This is trail running in the Dandenongs with pretty solid, large tree cover and steepish hills. Generally the GPS tracks were OK but this section near Doongalla was a mess. (I was doing the Rollercoaster Run circuit – not the race). This was taken before the major GPS improvements were released on 25 Jan 2017 which has certainly made the GPS accuracy better – but I expect most devices will struggle in these types of conditions.
After the major GPS improvements were released on 25 Jan 2017, I did 7 laps on my mountain bike of this 500m circuit. There was moderate tree cover on at least half the circuit and it is mostly flat. I am pretty sure I had GLONASS turned on because it has just been enabled by Suunto and I assumed it would make the watch more accurate – but it seems that most users are getting more accurate tracks with GLONASS switched off.
This is a short section of mountain biking when I went up and down the hill twice – which is why there are 4 lines. Pretty heavy tree coverage and moderate hills so challenging GPS conditions. It is interesting that in the top right section there are 2 pairs of well aligned tracks. I think is caused by having the watch on my left wrist so I got a different view of the sky going up the hill compared with coming back the other way. If I had of used my handlebar mount I expect the tracks would have been closer together.
But overall I am very happy with the GPS accuracy. I have reviewed the tracks on most of my moves and sure there is the occasional cut corner or something a bit out of line – but overall it is very good and the updates from Suunto have made a significant improvement. The current benchmark for GPS accuracy (and reliability) seems to be Suunto’s own Ambit3 Peak and the SSU is often compared against it. Many users have reported that the SSU is getting very close in terms of accuracy although I wouldn’t expect it to match or beat the Ambit3 which has an external GPS antenna (bump on the wrist band) which I expect would get a better view / angle of the sky in normal wrist positions. But I really don’t know anything about GPS antennas, satellite signals and have never used the Ambit3 so treat my opinion with the contempt it deserves.
I am not sure if it is a GPS or a barometer issue but I found the watch overestimated vertical ascent, but that was a couple of months back and I understand Suunto have been trying to address this. There is a couple of different altitude settings you can choose and I haven’t had a chance to thoroughly test this yet. When I next get into the hills and get a chance to test this I will update this review.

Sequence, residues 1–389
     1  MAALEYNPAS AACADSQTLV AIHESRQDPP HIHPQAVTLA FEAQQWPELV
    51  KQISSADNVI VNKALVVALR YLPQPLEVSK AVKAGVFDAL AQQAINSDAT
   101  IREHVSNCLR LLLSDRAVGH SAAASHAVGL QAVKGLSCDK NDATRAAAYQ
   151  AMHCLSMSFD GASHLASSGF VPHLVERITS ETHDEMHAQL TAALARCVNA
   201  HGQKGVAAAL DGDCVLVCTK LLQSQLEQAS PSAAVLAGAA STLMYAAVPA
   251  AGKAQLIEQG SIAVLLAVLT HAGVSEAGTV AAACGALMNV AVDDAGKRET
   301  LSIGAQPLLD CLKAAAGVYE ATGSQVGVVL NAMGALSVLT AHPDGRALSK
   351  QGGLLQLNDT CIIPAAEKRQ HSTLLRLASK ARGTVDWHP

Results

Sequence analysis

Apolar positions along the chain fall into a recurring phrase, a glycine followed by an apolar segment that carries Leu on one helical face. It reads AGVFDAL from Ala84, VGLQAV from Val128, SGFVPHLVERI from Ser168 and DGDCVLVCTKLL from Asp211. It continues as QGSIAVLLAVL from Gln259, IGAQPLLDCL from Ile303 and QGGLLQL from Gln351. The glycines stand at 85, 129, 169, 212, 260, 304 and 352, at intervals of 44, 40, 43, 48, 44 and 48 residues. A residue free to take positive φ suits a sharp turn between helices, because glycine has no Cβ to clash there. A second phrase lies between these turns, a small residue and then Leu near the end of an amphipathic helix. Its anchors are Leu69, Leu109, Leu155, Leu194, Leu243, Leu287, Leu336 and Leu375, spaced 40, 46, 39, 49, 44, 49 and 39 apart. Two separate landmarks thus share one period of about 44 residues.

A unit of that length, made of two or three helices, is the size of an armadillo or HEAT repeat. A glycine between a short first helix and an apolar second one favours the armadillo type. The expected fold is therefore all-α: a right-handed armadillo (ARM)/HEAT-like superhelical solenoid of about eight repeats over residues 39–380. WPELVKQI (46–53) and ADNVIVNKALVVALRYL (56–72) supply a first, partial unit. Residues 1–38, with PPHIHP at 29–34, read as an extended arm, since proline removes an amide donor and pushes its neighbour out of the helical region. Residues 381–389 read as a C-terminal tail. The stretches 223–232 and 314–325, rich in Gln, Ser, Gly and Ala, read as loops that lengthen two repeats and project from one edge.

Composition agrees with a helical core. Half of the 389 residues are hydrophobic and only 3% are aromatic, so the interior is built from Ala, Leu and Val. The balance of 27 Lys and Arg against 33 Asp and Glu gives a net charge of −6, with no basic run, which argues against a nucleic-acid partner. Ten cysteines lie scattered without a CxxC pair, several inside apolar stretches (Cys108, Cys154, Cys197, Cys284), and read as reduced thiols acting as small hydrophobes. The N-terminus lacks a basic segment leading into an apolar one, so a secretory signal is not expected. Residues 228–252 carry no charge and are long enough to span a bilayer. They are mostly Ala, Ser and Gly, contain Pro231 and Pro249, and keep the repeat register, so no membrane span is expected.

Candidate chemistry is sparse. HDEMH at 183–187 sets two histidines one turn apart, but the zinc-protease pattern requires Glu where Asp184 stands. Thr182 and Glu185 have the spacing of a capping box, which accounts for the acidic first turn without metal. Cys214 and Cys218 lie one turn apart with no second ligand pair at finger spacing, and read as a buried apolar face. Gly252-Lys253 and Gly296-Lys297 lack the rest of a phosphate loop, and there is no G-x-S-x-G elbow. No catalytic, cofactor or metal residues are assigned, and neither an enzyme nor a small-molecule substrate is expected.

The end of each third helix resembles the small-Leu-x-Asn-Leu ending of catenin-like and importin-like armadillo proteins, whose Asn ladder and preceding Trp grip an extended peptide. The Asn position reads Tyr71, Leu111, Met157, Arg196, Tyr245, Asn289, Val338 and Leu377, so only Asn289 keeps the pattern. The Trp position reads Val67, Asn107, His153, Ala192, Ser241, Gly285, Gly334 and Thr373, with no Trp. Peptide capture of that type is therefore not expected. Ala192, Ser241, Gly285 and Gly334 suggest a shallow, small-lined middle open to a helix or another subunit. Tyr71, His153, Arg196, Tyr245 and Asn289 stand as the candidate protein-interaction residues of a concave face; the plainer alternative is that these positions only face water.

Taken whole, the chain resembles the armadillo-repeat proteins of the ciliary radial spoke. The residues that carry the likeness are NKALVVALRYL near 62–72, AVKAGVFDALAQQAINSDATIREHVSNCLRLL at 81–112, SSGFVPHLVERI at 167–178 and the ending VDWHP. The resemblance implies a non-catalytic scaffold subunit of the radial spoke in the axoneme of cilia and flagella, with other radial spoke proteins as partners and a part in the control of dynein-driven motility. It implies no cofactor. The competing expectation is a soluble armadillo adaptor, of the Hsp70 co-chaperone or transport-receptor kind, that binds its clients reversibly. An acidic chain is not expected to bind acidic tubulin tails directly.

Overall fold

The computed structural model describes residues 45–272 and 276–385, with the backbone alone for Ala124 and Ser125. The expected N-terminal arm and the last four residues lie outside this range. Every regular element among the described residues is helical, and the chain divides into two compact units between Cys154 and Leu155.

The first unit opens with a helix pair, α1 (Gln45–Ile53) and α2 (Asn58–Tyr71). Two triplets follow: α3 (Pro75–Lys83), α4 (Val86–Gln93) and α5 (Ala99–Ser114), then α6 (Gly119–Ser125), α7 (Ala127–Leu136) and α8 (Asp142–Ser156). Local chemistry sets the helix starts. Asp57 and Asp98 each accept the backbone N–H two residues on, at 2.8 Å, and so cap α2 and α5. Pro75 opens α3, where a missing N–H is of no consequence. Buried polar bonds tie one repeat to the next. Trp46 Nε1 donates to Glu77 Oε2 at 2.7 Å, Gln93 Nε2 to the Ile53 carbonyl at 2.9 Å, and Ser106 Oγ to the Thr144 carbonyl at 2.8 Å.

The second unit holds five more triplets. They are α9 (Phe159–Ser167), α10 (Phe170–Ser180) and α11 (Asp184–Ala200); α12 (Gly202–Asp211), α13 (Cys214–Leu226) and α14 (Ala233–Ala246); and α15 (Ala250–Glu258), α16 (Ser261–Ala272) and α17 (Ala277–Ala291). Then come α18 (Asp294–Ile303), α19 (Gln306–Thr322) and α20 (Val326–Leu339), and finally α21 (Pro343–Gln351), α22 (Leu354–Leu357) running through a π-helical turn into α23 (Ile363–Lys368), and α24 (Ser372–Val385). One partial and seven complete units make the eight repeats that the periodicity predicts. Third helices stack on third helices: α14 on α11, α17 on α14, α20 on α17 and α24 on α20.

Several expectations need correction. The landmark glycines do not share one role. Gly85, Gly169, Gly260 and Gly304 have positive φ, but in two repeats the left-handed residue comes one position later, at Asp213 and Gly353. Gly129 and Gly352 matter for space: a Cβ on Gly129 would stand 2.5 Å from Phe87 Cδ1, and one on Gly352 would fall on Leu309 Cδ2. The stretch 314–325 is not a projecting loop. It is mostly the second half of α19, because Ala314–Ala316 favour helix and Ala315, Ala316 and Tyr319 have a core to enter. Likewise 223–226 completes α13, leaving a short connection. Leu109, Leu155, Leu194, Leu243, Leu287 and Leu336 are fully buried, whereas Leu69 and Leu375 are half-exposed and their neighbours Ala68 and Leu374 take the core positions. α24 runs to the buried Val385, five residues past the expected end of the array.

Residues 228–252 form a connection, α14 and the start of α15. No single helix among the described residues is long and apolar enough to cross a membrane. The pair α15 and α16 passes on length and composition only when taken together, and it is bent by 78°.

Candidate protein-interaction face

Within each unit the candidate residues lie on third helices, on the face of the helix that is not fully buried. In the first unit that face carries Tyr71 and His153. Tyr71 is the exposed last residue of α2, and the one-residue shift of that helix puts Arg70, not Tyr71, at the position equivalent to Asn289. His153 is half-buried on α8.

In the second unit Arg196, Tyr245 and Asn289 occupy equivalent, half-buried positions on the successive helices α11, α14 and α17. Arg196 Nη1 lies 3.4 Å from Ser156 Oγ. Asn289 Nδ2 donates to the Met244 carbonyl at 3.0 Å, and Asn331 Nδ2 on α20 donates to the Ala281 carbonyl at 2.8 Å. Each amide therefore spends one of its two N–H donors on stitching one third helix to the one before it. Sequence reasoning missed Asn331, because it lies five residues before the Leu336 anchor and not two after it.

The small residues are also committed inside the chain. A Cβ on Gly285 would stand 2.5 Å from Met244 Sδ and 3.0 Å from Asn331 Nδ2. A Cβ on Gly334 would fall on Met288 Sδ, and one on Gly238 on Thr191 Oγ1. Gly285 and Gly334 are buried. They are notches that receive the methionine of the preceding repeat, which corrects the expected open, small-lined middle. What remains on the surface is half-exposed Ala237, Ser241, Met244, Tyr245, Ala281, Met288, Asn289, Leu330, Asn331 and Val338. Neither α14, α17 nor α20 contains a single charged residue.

This feature is fantastic – and that is based on my experience before Suunto added Points Of Interest (POIs) navigation on 1 March 2017. The POIs will just make it better and I look forward to testing it out as I believe it will make it much easier to use.
If you scroll back up to the first photo you will see the track I was following on a 29km trail run through Victoria’s High Country (I came last but I didn’t get lost). Only once did I have to get my phone out to check the official course mapping app. The process is really very simple when you have done it a couple of times:
- Find or create the route you want in Movescount (on your computer)
- Select “Use in watch” so it syncs from the computer onto the watch
- When you are preparing the watch before starting your move (in this case trail running) go into the options and select the route you want to follow
- When you are running (or riding or whatever) you just hit the middle button a couple of times and it will scroll from your speed and distance data to the navigation / breadcrumb trail screen. Press the middle button again if you want to go back to the speed data etc
I found the blue line (the route) easy to follow with the breadcrumb trail showing my progress / actual track. With a quick glance of your wrist you can see there is a right hand turn coming up for example. 95% of the time that is all you need and the confirmation you are the right track. The other 5% of the time you might need your phone, a map or a real (handheld) GPS unit.